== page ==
So I have been getting a lot of questions on how professional athletes make the Olympic Team. So I decided to do a blog dedicated to what it will take for me to make the 2016 Olympic Team! I will go over the Olympic entry standards, the U.S. Olympic Trials, and what I have to do to make the team. Don’t worry, I still have advice for young athletes and workout tips. 🙂
The Olympic standard (or time) that has to be met to participate in the 400 hurdles is 56.20, this time needs to be run within roughly one year of the Olympics. My personal best is 56.15 so I have run below the Olympic standard which is great. However, for the USA running the entry standard is rarely the challenge. Depending on the country the athlete represents determines how the marks affect them. Some countries do not have enough athletes that meet the standard so they have the opportunity to receive an automatic bid (automatic entry) if they meet the Olympic entry standard. Unfortunately, this is not the case for the USA. The USA is one of the most competitive countries, so in order to make the team. You have to go through the USA Olympic Trials.
To view the full Olympic Standards click here.
The U.S. Trials
July 1- 10th, 2016 is the U.S. Olympic Team Trials in Eugene, Oregon, this is the make it or break it moment. The track meet above all track meets (besides the Olympics of course), the meet that determines who will be on the Olympic team. So how does an athlete get there?
First an athlete has to qualify for the U.S. Olympic Team Trials, the qualifying time has not been posted yet but we can assume it will be around 56.89 (the qualifying standard from last year’s U.S. National Championships) but typically it is slower than the Olympic standard. This standard has to be obtained at any meet that is sanctioned by the IAAF (International Association of Athletic Federations) guidelines.
So once an athlete qualifies for the U.S. Trials, they have to place top 3 in their respective event AND have the Olympic Standard. Yep, there are only 3 spots per event! There is an exception for the 100 and 400. In these events the top 8 finishers are entered into a relay pool for the 4×1 and 4×4 relays. Only 6 people can compete in the relay events. Typically, a country will have 2 people only compete in the qualifying relay round in order to save their 2 strongest legs for the relay final.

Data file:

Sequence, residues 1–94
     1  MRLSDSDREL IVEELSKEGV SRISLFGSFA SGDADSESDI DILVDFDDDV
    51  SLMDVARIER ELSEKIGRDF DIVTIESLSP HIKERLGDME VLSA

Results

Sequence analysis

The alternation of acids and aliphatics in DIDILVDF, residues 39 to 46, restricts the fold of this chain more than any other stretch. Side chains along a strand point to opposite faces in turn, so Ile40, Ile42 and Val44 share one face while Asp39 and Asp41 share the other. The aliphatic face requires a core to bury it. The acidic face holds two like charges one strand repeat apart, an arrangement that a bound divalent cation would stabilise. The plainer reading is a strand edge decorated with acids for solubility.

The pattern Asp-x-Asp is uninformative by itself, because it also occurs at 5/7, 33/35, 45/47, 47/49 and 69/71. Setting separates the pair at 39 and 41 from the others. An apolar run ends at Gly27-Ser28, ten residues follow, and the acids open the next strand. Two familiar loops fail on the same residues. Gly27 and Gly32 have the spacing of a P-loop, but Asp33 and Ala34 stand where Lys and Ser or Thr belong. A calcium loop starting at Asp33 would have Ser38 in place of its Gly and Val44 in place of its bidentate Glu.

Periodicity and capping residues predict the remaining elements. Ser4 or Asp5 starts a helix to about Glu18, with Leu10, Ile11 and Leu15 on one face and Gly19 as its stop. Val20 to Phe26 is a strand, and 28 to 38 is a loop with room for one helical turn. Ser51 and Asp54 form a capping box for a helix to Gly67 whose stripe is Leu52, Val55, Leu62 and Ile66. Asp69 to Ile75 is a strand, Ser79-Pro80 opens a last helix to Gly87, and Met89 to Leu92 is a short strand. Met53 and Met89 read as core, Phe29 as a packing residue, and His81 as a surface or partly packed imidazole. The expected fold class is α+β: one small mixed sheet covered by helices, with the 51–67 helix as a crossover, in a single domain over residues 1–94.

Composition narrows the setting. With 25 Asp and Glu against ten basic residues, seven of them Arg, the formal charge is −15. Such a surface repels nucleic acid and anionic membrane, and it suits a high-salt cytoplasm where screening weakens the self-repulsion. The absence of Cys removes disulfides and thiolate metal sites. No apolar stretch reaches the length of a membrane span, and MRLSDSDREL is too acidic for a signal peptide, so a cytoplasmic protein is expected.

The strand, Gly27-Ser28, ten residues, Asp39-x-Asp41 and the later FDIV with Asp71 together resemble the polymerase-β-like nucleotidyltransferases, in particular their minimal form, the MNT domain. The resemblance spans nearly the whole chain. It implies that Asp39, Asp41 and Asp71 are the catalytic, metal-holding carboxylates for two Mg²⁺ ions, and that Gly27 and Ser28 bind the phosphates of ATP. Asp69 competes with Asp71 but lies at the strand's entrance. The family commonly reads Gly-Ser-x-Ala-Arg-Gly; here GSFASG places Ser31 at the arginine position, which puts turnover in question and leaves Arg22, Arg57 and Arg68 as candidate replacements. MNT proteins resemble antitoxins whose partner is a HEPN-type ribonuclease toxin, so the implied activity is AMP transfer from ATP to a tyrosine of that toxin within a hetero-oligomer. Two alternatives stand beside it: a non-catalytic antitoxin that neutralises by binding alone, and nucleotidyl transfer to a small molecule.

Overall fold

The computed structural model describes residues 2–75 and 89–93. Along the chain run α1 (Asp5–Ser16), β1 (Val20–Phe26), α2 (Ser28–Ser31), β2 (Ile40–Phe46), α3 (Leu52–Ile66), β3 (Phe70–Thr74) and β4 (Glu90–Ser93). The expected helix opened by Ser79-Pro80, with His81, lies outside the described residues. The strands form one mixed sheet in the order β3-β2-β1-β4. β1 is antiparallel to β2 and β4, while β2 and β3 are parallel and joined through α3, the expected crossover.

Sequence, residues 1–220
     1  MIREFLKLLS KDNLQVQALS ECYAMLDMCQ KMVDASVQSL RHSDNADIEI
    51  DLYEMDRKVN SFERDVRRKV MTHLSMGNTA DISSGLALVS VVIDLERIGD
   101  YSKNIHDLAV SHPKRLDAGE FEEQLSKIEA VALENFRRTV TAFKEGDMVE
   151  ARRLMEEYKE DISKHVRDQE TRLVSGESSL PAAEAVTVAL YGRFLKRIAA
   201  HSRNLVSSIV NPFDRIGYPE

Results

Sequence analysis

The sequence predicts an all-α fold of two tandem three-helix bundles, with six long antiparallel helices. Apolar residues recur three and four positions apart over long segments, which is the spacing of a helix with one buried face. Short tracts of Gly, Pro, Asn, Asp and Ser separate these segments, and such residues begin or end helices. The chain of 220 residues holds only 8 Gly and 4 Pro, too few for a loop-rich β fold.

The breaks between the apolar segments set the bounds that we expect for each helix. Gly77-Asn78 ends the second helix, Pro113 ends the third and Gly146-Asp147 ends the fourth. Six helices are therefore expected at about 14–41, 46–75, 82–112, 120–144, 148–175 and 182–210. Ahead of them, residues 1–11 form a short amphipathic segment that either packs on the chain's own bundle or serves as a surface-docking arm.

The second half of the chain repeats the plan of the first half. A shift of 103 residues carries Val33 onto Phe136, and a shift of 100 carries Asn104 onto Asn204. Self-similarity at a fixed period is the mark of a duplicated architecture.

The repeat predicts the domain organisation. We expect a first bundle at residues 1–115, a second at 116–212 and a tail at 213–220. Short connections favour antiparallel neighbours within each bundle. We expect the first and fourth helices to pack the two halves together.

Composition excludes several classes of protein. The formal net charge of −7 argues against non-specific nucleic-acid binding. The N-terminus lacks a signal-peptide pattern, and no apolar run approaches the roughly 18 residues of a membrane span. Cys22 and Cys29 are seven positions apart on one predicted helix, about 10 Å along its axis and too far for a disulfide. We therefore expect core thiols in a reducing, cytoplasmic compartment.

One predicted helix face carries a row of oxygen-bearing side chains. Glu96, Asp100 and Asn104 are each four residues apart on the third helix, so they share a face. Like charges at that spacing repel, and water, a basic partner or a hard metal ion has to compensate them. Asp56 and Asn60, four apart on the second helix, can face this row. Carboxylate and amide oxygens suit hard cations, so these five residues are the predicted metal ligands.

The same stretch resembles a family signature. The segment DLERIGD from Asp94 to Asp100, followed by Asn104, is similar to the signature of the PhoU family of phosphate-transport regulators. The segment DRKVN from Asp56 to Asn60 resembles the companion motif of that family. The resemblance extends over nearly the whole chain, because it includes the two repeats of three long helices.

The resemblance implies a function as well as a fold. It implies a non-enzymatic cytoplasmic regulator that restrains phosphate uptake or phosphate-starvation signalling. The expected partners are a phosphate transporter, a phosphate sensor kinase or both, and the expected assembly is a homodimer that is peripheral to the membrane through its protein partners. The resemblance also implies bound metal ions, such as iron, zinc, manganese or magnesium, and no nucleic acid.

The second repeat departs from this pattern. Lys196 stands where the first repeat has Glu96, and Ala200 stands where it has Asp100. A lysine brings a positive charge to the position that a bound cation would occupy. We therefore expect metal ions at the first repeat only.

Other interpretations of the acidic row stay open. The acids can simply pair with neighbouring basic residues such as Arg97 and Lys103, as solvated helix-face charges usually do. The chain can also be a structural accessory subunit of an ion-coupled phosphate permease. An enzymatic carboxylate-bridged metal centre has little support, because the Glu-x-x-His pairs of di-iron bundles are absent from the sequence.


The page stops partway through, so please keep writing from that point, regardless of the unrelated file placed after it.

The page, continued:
And that is how an athlete makes the Olympic Team!
So, I know you are probably wondering what will it take for me to make the team!
Well, in 2012 the last person to make the team ran 54.81. In 2008, 54.62 was the time of the last person to make the team. In the last 4 years at the U.S. National Championships the 3rd place finishers ran 54.41 (2015), 54.70 (2014), and 54.56 (2013). This information can be used as a gauge to estimate what time an athlete will need to run to make the team. Of course, it is completely based on the competition on that day! All kinds of things happen in sports and really you never know what time will be required to make the team but you can look at history and current stats to make an educated guess.
Based on the last 4 years and the last 2 Olympics, it looks as if I need to run in the mid – 54’s in order to make the team. As I previously stated, my personal best is 56.15. So, I need to drop about 2 seconds off my personal best in order to make the 2016 Olympic Team. That is no easy feat but I know I am more than capable or doing so!
There have been countless examples of 400 hurdlers dropping 2 or more seconds in a single year and through my experiences I have the knowledge of what I need in order to do so. I’m in an amazing environment with great coaches and I am prepared to make this team! While to make the team I probably need to run mid- 54 seconds, my goal is 53.78.
Because I know I am more than a 54 second hurdler and I don’t want to barely get on the team. MOST IMPORTANTLY, I don’t just want to MAKE the team, I want to MEDAL at the Olympics and in order to do that I’m going to have to break 54 seconds, maybe even 53 seconds!!
I have a list of goals and what it will take in order for me to reach them. I know what mistakes and weaknesses, I have had in the past and how to get through them. I have a master plan, that only needs to be executed.
Advice to Young Athletes
Map out your goals. It is not good enough to have a time goal or a competition goal (i.e. make it to Regionals, make it to Nationals), you have to know how you are going to get there. Have a meeting with your coach and figure out a road map to your success, what you are lacking, what your strengths are, and what are realistic goals for you. Study yourself as an athlete, your event (or sport), and your event leaders.
Here is a sample of things you should ask yourself. What kind of athlete are you (Sprint based, strength based, endurance based)? What kind of workouts make you better? What are the main components to your event? What are those breakdowns (split times, charts, form)? Who are the current event leaders? Who are the all-time leaders? What made them all great? Commonalities? Differences? Which ones closely resemble your style?
Figure out what your goals are and create a road map on how to get there. Be reasonable and create attainable goals. Don’t think short term or try quick fixes. Make a lifestyle change! Work on your diet AND exercise. Try meditation, yoga, or gym classes. Figure out what you enjoy doing and build from there.
And the tip of the week is based on core and stability. Ab exercises are great for your stomach but core/stability exercises are great too and can be more beneficial for overall fitness. The best way to start (in my opinion) is with planks. There are many ways to do planks. I suggest doing 3 to 4 different plank exercises for 30 seconds to 1 minute. Click here for to see 20 different plank exercises.